Sadly, Keynes subsequent acolytes failed fully to understand the truly revolutionary nature of his insight.
Sir Derek Morris
Oriel College, Oxford
Loyal to the Kirk
Your interesting article on St Columba and Iona (Scotland’s First Minister, July 2013) claims that Dr George MacLeod attempted to create an ecumenical community. Though ecumenical in spirit, MacLeod was a loyal son of the Kirk and his aim was to train ministers for going out into industrial parishes. The abbey needed substantial rebuilding and student ministers and the unemployed would do it communally.
I worked on the rebuilding of the abbey in the 1950s before being sent to a parish in Glasgow’s East End. The four emphases of the community were: healing, mission, liturgy and politics – only in that sense was Iona ecumenical. Iona is what it is today due to MacLeod’s physical and mental strength, his vision, faith and what he called ‘prevenient grace’.
Rev William Shackleton
The observation that Robert Bridges was accused of failing to write during the First World War (Months Past, July) leaves the impression that he was idle. Far from it. In 1915 he compiled an anthology of 449 pieces, taken from the poetry and prose of many countries and cultures, entitled The Spirit of Man, to bring fortitude and peace of mind to his countrymen.
The publication was hugely successful. It reprinted in the ‘ordinary’ edition three times in 1916, once in 1917, again in 1918 and twice in 1919. It continued in print for many years thereafter. An India paper edition, slender and better suited to the tunic pocket of a serving soldier, was printed twice in 1916 and then alongside the ordinary edition for the next three years.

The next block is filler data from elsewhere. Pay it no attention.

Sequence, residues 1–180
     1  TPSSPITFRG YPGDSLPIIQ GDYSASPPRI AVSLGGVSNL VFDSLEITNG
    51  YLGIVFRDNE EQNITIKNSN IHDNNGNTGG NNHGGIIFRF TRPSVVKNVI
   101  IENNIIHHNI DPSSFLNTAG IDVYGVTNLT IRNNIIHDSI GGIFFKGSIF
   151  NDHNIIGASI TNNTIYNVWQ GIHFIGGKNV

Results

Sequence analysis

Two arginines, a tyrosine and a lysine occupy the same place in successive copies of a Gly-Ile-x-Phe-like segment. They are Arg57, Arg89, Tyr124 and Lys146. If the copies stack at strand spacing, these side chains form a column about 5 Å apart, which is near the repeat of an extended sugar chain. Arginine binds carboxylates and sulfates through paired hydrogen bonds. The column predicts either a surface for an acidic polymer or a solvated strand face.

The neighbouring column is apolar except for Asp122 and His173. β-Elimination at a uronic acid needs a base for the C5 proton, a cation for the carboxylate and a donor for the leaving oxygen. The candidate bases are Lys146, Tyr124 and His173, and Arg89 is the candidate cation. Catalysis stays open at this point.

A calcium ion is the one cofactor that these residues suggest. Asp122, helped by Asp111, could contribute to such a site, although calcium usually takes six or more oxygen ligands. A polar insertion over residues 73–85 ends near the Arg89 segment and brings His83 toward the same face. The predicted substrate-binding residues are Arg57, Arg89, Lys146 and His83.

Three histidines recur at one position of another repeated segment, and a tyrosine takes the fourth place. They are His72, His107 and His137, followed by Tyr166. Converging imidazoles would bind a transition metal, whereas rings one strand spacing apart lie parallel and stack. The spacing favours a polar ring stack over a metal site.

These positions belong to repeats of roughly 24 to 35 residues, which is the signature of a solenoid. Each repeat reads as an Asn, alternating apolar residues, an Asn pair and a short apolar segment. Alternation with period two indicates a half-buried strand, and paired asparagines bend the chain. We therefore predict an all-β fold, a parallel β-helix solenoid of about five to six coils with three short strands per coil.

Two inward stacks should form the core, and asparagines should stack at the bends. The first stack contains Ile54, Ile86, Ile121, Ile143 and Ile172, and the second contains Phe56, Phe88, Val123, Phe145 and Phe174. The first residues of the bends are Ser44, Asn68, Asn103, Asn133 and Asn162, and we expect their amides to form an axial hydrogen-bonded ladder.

I was still ordering reprints for Longmans, Green in the 1960s. It was found to be an indicator of social or political tension in English-speaking territories; for example, a peak in sales in South Africa was experienced two months before the Sharpeville Massacre in 1960.
My copy, from the 1934 printing, continues to be a companion in time of trouble. Bridges created a work of considerable value during the war.
Martin Marix Evans
The article on John Tyndall (From Peak to Trough, July 2013) made very interesting reading, but it is debatable to say he discovered the greenhouse effect. Textbooks usually credit Joseph Fourier with that discovery. Tyndall’s vital insight was that carbon dioxide and water vapour are atmosphere greenhouse gases, i.e. they absorb and emit infrared radiation. Svante Arrhenius was then the first to calculate that emissions of carbon dioxide from the burning of fossil fuels could cause global warming.
West Wickham, Kent
Reading George Vassiadis’ review of Nicholas Doumanis’ Before the Nation (Reviews, March 2013), I was astonished to learn that the premise of the book is that the Muslims and Christians of Anatolia ‘enjoyed a sort of Ottoman belle époque between 1890 and the outbreak of the first Balkan War in 1912’.
In the mid-1890s Sultan Abdul Hamid II massacred close to 200,000 Armenians. In 1908 Turkish soldiers and mobs killed another 30,000 Armenians in Adana. These genocidal acts were widely covered and condemned in the West, including in British and American publications.
In addition to the massacres, Armenian and other Christian minorities were considered second-class citizens, who could be mistreated by the authorities at will.
It seems to me that the premise of Before the Nation is a fantasy rather than a point of view based on facts.